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Purple Politics

Most Americans are really purple. Certainly, they are card-carrying red or blue, but when the rubber hits the road, most are conveniently red or blue depending on how it immediately affects them. Thus, for example, conservatives who rally and vote and huff-and-puff with scandalized sensibilities over the fiscal irresponsibility of liberals who refuse to cut programs find themselves rallying and voting to oust any city official that may want to cut their favored program. Doves who marched against the hawks find themselves championing war. 

This is because most people don’t really live and think and breathe principle. They live and think and breathe partisan.

I was thinking about this today because I received a letter from a missionary in Europe who was rejoicing that his tenuous immigration status was going to be upheld because of a ruling by the EU that any country that did not offer residency to the parents of children born in a European country was acting in opposition to the EU Constitution. I found it ironic that this very conservative missionary was calling for praise to God from his constituency that, more than likely, is comprised of Tea Partyers who would vehemently object to the very ruling he was asking them to praise God for! And I know that most of them will, indeed, rejoice with him! However, unless I’m a complete bonehead, many of the people I’ve talked to in this nation would be outraged if the UN imposed their constitution on our country and demanded we give residency to anyone merely for the skill of procreation.

The Golden Rule of politics is not the one of the Bible. Rather, it’s “Demand from others what you yourself would not be willing to do.” Thus, when the rubber meets the road many partisan reds and blues morph into a strange purple.

I don’t make these comments for the sake of politics. My point is not political. I’m merely pointing out the reality of red and blue without principles strong enough to apply across the board. Even when it affects their personal agenda, party, program, or pocketbook. It’s a character thing.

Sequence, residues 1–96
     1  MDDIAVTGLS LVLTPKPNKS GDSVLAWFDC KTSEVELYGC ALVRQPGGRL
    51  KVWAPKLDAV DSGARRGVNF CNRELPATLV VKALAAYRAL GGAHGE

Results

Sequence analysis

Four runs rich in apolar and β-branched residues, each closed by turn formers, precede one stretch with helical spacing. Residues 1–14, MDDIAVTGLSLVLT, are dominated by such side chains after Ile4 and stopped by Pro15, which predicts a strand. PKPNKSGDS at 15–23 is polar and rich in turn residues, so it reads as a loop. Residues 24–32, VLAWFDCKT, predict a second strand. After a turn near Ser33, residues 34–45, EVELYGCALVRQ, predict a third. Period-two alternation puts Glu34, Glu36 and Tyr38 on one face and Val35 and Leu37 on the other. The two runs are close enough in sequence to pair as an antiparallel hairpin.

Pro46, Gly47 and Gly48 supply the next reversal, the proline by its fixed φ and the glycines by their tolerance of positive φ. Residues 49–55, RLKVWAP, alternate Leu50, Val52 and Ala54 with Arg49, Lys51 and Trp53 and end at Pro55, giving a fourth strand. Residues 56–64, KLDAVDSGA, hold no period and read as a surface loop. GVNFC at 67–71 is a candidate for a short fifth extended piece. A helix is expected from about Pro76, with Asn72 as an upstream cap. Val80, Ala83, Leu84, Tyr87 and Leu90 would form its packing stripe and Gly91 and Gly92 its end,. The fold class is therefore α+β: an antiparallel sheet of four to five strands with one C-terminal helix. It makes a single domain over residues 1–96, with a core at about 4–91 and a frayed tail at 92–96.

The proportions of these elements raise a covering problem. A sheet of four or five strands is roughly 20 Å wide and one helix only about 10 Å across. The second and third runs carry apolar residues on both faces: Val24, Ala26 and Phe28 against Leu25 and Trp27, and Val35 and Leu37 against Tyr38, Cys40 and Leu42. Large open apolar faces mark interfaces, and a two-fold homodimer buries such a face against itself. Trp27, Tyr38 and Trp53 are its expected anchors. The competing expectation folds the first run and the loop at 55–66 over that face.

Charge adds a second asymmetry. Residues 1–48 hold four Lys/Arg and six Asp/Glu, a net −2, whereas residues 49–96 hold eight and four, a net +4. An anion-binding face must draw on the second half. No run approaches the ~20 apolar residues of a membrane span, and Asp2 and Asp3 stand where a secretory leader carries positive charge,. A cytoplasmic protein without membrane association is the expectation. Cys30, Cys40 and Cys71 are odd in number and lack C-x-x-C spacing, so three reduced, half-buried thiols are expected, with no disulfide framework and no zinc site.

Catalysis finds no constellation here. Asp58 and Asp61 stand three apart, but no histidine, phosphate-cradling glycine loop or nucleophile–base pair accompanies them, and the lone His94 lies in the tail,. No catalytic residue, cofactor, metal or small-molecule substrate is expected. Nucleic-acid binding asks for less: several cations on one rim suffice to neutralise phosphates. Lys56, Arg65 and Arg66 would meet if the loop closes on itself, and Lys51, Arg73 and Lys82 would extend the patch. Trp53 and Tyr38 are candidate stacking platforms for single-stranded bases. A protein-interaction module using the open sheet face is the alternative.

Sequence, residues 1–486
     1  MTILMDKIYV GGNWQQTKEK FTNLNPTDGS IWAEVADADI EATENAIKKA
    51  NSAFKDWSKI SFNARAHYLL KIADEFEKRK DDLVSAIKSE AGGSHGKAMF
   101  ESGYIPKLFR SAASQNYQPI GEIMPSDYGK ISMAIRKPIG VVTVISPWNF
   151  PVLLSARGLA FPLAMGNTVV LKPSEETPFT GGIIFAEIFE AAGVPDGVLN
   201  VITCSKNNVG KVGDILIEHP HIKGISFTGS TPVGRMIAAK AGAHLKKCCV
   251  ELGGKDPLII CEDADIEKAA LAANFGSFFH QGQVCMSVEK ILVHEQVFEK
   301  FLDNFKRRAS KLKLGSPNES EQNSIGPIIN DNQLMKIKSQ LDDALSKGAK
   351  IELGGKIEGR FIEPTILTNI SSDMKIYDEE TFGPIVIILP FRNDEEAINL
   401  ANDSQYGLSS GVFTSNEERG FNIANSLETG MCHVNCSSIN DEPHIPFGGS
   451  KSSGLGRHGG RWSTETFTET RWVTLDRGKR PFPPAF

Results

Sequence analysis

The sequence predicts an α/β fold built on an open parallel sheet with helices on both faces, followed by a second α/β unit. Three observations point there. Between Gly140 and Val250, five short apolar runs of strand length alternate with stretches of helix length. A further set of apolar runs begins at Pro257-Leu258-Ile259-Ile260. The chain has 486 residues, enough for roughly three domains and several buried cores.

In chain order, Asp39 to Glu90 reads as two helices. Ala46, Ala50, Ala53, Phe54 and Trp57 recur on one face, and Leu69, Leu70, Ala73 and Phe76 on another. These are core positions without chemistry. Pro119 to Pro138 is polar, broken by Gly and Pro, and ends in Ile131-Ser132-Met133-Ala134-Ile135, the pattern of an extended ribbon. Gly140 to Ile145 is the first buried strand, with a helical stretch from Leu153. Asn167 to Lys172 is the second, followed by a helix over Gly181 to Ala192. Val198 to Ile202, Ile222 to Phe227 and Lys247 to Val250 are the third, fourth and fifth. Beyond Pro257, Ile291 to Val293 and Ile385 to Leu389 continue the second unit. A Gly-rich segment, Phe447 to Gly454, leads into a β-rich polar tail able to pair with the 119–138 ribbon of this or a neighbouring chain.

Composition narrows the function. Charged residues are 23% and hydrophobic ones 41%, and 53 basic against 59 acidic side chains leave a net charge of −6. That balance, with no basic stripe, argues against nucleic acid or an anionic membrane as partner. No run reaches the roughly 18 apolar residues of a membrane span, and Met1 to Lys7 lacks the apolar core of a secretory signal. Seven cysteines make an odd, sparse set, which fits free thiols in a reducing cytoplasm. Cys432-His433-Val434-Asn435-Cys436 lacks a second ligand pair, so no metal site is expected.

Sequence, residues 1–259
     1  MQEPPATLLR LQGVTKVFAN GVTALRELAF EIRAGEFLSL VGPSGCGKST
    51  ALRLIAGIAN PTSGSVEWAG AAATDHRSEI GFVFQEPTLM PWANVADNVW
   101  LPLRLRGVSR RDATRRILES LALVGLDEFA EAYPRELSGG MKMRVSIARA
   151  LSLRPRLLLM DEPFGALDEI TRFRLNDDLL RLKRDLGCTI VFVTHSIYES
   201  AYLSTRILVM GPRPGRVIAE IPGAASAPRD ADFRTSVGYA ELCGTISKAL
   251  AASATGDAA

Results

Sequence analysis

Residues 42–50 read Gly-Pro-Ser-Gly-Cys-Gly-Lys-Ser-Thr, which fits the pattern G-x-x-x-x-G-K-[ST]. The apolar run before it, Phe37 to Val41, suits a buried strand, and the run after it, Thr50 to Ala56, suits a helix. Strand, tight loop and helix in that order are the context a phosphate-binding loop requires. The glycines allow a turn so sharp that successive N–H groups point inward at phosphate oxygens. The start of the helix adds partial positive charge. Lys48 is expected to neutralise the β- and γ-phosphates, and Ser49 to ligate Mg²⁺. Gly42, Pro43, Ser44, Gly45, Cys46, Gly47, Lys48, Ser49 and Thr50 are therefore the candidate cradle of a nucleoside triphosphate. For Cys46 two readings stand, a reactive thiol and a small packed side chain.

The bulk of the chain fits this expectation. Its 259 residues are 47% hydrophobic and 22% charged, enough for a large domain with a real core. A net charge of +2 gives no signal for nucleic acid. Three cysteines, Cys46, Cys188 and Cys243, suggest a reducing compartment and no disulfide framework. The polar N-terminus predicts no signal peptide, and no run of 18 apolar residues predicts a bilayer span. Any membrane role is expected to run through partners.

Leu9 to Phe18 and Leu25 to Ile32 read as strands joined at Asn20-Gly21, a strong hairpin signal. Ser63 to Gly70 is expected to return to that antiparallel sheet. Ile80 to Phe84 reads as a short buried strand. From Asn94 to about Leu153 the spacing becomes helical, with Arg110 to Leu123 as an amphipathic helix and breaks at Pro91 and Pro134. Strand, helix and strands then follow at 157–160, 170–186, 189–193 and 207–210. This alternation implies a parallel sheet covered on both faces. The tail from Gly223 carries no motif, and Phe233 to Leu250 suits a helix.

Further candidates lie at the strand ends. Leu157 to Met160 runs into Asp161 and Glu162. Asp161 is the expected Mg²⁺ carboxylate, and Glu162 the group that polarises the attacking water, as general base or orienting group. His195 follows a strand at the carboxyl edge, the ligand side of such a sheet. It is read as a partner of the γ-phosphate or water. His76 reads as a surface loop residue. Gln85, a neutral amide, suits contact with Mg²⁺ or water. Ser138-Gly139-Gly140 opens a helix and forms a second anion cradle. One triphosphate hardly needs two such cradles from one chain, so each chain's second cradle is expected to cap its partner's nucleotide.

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2 Responses

  1. Over on Tom Pryde’s Facebook, he posted a video by Joe Biden back when he was running for president saying that he would move to impeach any president who went to war without Congressional approval.

    Yet, now that he’s VP and President Obama is doing just that in Libya, Biden isn’t saying a word about it. It must be because Obama hasn’t defined what he’s doing as a true post modern.

  2. Hmmmm. Does this mean that a Christian would be exhibiting poor character if he rejoiced because prisoners are saved after a Christian in a closed country is imprisoned for preaching?

    Can’t a Christian rejoice to see that the world “meant it for evil” but that God “meant it for good”, but that if we could, we would change the evil?

    I actually agree with your point about Christians being inconsistent and self serving in America, but rejoicing that a missionary gets to stay in a country is a different animal.

    I make a similar argument regarding pastors who opt out of Social Security. The option is provided for pastors who have a “conscientious objection” to the existence of a “Federal Insurance”. If a pastor believes the concept of the program is morally wrong, he can opt out. The regulations don’t ask if you agree with all the details of the program, but the principle of having such a program. If a pastor believes the program is morally wrong, should he ever accept any benefits from it? Should he accept money in the offering plate resulting from it? Should he counsel people to apply for it? A lot of pastor think it’s just a perk and take the option to opt out. I think they may be very inconsistent.

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